But a growing number of video producers are creating audio description. And more and more people are becoming aware of it. And as that momentum grows, I think we will see support for it. So today, the answer on YouTube is, upload a second video. So we did this for Life in a Day, and we’ve done this for a couple of our ad spots.

And we’ve even captioned, so I can show you the audio description. Maybe not everybody on here knows what audio description is. Let’s go ahead. There is nothing going on here. Oh, you know what? Maybe I may not have the audio description captions on here. We often put them on. I’ll have to double check later.

But the audio description is just audio in the background that’s describing the visual elements of it. So today we do it on YouTube by mixing that back in, but we’re also exploring ways– for instance, through WebKit and HTML5– that you could use a format like, say, WebVTT, to provide timed text to your browser, and let your browser [? use speech with assist ?] on your computer to play that text back to. So you could have audio description very easily without the need for a lot of video production overhead.

But today, this is still an emerging technology. You can find audio description on YouTube. It’s not fully integrated as a separate audio track the way it is on your TV today.

ANDREW: Audio description, from my perspective, has not been as often requested. It is mentioned in– it’s a part of the CVAA legislation. It’s not going to have the same level of mandates that there exists for closed captioning.

But at least for internet-based video, one of the biggest challenges with it right now is just the cost, in that to do audio description, you have to have someone who’s skilled with writing to be able to correctly author the audio description. And then you have to record it as an audio file, and then you have to add it in and deliver it with the video.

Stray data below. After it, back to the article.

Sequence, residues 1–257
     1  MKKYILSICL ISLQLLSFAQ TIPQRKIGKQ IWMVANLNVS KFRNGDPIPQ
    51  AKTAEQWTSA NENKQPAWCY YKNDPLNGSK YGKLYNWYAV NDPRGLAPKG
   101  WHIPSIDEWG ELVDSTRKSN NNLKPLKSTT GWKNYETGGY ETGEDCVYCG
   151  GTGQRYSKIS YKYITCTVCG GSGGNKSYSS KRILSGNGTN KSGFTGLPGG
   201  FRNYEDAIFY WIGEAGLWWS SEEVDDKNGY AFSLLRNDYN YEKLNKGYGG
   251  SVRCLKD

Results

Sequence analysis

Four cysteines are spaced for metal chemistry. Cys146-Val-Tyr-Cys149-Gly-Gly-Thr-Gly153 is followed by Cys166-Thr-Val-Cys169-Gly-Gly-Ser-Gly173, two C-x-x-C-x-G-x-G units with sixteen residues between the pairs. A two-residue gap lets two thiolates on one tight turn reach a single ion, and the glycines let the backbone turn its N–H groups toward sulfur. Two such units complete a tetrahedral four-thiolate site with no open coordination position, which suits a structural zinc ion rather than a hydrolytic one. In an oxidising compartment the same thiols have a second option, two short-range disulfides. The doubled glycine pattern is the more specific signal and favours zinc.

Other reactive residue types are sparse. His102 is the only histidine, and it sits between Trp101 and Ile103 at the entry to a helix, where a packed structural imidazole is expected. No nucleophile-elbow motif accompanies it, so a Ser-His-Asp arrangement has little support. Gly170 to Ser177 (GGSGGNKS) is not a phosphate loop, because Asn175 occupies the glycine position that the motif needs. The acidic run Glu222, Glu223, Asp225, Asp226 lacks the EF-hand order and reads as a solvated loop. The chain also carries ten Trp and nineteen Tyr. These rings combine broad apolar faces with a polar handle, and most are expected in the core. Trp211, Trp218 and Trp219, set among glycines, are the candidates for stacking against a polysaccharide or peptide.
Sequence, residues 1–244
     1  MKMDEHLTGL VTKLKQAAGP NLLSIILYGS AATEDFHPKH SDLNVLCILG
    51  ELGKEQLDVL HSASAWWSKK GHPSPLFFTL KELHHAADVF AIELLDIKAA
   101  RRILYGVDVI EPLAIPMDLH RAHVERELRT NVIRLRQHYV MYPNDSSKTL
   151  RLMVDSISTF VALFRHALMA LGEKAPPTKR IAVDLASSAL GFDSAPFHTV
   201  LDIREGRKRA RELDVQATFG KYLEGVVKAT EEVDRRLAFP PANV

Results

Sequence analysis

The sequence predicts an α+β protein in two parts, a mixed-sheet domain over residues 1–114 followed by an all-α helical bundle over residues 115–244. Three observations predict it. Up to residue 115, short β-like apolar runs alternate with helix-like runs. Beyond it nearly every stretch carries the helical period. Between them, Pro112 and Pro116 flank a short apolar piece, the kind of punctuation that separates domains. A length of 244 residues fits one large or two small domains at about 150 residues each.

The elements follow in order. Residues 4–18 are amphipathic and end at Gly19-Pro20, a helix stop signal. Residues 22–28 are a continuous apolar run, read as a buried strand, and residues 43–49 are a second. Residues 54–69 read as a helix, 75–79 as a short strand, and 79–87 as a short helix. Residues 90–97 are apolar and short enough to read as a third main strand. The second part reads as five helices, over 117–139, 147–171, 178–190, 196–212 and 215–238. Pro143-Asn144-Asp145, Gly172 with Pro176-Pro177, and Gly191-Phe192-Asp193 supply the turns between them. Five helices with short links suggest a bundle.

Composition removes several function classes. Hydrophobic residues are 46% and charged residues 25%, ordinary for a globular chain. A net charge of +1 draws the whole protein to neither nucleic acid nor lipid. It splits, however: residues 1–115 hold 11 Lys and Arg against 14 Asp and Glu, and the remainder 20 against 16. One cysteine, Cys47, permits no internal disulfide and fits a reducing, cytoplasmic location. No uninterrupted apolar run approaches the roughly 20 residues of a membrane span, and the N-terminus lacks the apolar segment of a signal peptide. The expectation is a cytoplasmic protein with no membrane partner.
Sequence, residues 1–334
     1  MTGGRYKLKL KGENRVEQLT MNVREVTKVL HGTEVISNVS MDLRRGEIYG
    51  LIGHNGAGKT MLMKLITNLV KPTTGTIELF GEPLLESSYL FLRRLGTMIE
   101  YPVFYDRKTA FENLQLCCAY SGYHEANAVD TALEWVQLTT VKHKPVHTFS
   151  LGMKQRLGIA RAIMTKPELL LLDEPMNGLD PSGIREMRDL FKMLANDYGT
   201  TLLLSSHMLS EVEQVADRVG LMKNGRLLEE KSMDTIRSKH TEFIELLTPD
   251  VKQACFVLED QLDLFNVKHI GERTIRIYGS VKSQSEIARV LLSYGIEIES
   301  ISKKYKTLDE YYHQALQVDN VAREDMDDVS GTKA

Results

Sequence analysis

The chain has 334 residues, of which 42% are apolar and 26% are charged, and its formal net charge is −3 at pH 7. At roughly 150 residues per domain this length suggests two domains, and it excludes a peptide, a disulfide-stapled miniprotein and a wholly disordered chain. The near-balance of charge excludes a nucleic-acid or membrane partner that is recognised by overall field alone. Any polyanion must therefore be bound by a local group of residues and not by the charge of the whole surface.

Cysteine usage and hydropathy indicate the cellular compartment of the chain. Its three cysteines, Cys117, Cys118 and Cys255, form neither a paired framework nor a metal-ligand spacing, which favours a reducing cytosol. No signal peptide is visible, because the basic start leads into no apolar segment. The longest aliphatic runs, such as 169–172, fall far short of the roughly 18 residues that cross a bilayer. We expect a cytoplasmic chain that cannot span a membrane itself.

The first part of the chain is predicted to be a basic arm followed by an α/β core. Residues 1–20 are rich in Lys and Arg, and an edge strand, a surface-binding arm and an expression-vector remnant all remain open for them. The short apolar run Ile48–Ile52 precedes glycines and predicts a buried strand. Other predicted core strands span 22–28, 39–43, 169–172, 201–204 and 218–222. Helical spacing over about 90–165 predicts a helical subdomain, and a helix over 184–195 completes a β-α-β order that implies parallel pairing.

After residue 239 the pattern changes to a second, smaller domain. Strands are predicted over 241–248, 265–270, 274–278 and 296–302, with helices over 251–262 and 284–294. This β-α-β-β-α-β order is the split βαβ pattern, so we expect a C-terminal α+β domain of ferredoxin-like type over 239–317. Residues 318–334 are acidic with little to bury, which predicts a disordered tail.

There is some interesting work that’s gone on recently. IBM and WGBH have done some work to investigate text-based audio description. And I think Google has done some investigations around this area, as well, with use of WebVTT.

So there are interesting possibilities out there that may lower the bar for cost to deliver audio description. So there are some exciting possibilities, because it’s no less important for blind users than captions are for deaf users. So it’s good to see additional work going on.

JOSH: Great. So especially after seeing the caption search functionality on YouTube, can either of you share any information you have about how captions affect SEO, or even the way Google indexes video outside of YouTube?

NAOMI: I guess that would be me. If your video has captions, and by captions I mean ones that you as the video owner have uploaded, we will index those, and your video will be found more easily in search. And that’s true on Google search. It’s true on YouTube search.

And if you’ve translated your captions and uploaded captions in multiple languages, imagine somebody is searching on a phrase in French. Well, if you have French captions, and the words in that phrase appear in your captions because you’ve translated them, then that will help the video to be found through search.

And we’re finding that just adding the captions does help people get their videos found in search much more easily than if they didn’t have them.